EP: Halloween/Escape from New York themes by John Carpenter
2016 Sacred Bones Records SBR156
Favorite Track: Halloween theme
I’ve been asked to write a short story that includes libraries so I am going to use this blog entry to play around with some ideas. If anyone was asking how I come up with story ideas, this is how: I just start writing and see where it goes. Later, I’ll think about it (maybe) and throw out the crap, keep the good, and keep on writing, repeating this process as many times as needed or until sick of the tale.
John heard about the ghost in the stacks on his first day of work. It was the same tale he heard when he started working at Alden Library in Ohio and the same at the main branch in Buffalo. As the cataloging librarian told the tale (with extra emphasis on the old card catalog still found on A stack), John had to bite back a bit of sarcasm. Librarians were intelligent, crafty, and curious, but a strange streak of superstition invaded the profession like a stain on an asylum wall. In Buffalo, Ruby the children’s librarian read Where the Wild Things Are backwards every Bills game day. John heard at an ALA conference about a director who covered his naked body with dewey decimal numbers before boarding planes.
Of course, John believed he lived a more pragmatic lifestyle. One of the main library missions was to assist its users with education. There was no room to spread false rumors, poorly researched health articles, and certainly nothing about ghosts–humankind’s silliest fear from the olden days. So, naturally, it annoyed John to no end that this library had two rare book rooms: The Pierce Grayson’s Rare Books and Antiquities located on the climate-controlled third floor and the unmentioned one none of the patrons knew about down in the stacks, sometimes colorfully referred to as the Dead Room, that held all the occult literature. A waste of the taxpayers money, John thought about the Dead Room, but he didn’t dare voice that opinion. Everyone he worked with was in love with it. They constantly quoted John Dee and Madame Blavatsky and the Victorium Witches Handbook, the only supposed copy in America.
John had left for the day when, at home just about to open a bottle of pinot, he realized he forgot to set up the holiday display at the reference desk. He had learned real fast that everyone in Melas took Halloween very seriously and the Halloween display was revered by the whole community. John groaned. Tomorrow would be the busiest day of the year and he was feeling rather burned out. It didn’t help that his ex-girlfriend just told him she was seeing a distant friend. He signed corking the wine bottle but knowing he would stay up an hour later than normal to drink half of it when he returned. Putting on his jacket, John walked briskly through the fallen maroon leaves. The brittle crunching attracted the curiosity of a beady-eyed rat, who sniffed a couple of times at John, but returned to the warmth of the dilapidated building it came from.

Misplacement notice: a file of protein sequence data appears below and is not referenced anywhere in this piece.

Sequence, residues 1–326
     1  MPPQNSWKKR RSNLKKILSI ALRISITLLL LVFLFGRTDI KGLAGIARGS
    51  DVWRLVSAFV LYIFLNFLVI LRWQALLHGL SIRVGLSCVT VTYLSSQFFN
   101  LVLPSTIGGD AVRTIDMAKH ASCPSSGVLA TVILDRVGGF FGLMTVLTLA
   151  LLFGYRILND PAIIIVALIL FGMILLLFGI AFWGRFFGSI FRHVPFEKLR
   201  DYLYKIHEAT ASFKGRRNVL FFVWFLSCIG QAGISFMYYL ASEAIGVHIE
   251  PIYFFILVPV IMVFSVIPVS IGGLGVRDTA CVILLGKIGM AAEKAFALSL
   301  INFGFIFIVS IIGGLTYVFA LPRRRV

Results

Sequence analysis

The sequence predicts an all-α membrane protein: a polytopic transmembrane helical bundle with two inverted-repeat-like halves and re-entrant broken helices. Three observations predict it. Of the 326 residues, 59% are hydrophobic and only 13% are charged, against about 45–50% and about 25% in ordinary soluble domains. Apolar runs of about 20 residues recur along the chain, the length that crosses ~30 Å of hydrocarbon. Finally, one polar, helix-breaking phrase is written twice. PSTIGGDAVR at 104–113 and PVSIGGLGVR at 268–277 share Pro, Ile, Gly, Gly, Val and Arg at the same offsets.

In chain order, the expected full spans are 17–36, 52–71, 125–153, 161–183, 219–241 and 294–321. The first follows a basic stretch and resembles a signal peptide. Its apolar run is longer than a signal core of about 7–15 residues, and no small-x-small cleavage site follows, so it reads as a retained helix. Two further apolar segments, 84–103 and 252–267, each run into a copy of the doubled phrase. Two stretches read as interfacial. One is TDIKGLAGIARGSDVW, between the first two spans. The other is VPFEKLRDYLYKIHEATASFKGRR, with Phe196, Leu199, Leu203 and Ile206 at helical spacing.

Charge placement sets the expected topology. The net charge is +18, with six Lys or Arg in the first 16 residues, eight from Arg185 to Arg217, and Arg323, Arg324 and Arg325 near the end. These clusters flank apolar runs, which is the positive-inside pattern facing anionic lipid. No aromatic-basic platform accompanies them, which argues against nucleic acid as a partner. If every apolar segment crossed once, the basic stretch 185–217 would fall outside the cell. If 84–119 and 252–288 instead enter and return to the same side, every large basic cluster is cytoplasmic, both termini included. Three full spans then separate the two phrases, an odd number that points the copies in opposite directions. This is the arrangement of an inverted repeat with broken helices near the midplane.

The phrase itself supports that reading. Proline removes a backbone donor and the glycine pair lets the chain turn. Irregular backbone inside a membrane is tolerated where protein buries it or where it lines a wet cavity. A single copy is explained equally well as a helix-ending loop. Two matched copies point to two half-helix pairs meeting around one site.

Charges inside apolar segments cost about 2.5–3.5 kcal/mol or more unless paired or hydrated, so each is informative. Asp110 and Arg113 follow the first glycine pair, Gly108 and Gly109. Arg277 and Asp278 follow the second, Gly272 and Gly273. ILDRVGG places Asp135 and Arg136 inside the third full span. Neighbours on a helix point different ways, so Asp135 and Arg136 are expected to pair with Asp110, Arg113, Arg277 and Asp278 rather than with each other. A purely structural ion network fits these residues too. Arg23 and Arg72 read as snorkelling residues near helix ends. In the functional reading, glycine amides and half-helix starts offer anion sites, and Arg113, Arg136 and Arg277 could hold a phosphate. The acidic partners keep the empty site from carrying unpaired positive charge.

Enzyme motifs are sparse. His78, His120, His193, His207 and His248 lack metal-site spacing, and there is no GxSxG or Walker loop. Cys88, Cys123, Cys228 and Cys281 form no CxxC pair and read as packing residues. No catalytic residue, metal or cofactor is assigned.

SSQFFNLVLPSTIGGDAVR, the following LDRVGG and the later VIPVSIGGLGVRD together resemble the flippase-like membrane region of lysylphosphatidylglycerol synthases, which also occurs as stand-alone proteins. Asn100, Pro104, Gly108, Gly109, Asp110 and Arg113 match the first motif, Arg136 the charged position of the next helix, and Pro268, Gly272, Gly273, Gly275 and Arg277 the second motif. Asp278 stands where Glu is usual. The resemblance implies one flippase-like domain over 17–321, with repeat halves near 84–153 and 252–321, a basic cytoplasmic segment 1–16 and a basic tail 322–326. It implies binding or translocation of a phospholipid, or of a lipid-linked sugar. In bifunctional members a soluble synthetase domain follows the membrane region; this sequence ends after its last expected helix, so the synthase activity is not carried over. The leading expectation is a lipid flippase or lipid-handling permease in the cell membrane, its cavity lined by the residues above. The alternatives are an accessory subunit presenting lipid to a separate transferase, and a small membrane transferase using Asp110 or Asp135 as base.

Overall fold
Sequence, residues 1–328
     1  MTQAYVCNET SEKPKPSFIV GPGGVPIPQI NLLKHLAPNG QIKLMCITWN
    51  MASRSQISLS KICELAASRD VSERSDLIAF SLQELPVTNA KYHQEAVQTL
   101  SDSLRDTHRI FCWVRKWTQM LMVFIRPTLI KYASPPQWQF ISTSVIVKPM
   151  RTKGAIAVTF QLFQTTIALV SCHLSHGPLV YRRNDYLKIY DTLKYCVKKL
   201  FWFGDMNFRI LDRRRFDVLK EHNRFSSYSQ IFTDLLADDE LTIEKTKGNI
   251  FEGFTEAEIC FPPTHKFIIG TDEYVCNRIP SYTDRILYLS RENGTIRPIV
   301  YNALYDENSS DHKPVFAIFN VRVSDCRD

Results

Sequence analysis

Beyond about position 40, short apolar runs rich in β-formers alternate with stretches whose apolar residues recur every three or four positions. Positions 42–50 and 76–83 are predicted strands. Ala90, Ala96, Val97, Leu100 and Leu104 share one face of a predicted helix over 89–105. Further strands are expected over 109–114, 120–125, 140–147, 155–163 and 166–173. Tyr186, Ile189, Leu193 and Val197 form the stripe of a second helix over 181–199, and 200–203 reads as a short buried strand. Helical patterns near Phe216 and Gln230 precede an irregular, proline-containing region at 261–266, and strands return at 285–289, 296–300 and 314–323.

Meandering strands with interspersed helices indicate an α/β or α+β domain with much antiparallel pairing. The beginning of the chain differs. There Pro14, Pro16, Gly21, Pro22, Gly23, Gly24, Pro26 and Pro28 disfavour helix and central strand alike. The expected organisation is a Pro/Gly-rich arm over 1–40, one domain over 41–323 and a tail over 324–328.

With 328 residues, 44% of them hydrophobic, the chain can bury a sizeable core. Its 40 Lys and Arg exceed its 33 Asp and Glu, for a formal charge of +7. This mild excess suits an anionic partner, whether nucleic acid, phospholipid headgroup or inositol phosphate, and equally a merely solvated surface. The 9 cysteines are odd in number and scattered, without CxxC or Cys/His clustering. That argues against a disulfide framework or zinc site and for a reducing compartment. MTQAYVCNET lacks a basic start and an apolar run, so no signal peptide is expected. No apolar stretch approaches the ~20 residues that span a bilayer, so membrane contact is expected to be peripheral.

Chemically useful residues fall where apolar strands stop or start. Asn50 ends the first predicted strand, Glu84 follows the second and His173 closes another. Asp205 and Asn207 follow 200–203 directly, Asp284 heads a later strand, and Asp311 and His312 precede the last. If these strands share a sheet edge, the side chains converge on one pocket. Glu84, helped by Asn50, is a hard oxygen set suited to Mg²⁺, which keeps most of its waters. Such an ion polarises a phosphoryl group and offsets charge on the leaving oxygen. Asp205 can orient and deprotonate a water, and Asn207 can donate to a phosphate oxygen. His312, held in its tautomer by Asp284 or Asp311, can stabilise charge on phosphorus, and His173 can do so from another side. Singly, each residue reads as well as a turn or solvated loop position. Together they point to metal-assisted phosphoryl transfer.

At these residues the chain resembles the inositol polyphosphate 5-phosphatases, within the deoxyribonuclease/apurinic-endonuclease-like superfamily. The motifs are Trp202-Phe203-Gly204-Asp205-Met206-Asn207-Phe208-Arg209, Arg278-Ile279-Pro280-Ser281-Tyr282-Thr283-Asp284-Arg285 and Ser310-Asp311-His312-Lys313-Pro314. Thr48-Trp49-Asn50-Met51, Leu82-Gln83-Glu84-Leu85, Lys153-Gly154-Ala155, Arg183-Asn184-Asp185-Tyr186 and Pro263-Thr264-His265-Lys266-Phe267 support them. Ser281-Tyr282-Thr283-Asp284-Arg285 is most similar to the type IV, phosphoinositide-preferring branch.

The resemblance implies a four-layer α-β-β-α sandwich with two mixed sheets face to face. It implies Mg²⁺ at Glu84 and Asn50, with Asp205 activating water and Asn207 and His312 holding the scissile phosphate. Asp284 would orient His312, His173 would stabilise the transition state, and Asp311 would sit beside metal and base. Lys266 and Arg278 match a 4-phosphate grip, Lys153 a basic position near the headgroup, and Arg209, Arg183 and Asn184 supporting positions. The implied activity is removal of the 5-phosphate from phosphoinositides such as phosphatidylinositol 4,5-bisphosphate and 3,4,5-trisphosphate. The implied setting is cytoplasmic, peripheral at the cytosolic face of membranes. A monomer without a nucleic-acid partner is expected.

The door opened without noise and immediately John noticed a lamp on in the back office. Adam probably left it on again. He was rather absent-minded and always in a rush to run to his hippie girlfriend. John hung his jacket on the coat rack and walked around the art installation–a nine-foot tall spider made out of painted soup cans. The eyes were Campbells and they seemed to follow him as John began to feel an eerie dread prickling the back of his mind. Damn, am I really going to get superstitious now? he thought and then laughed. No, he just had a lot of his mind and he was letting the stress get to him. When he got to the reference desk, he found the Halloween display already up. Books with ghastly illustrations, scary soundtracks, and videotapes of Vincent Price and Boris Karloff were arranged in a kindof spider web pattern. John froze, pondering. Perhaps Adam put it up, he thought then dismissed the idea. Adam was lazy and probably sat on the computer face-timing his lady. Maybe Barb? John was about to turn around and leave when he remembered that Barb was on vacation.
Icy shock ran through his body. For a moment, John was positive he heard a terrifying humming–an unearthly noise made of nonhuman vibrations. It’s just my heart, he told himself. He went into his office to check the schedule. Somebody remembered to put it up, that’s all, no big deal and other pathetic attempts of calming himself crowded his mind, making him more anxious. The schedule added to the growing dread: only Adam and John worked today.
Maybe I put it up without realizing it, John thought, at least, it is done so I can go home and forget everything over a bottle and a fire…
He went back to look at the display just to make sure his eyes weren’t fooling him. It was there, but the center piece was missing. Spiderfeast was a book written by the town’s founder, Viktor Leitfield. In it, he claimed that Melas was built to worship the spiderqueen Shebboth, or so the rumors say. The book was bound tightly in thick, white cords resembling spider silk and nobody had opened the book in close to two hundred years. It was kept in the Dead Room.
John sighed and fetched the key from his desk. That’s when he heard the scuttling of a million tiny legs.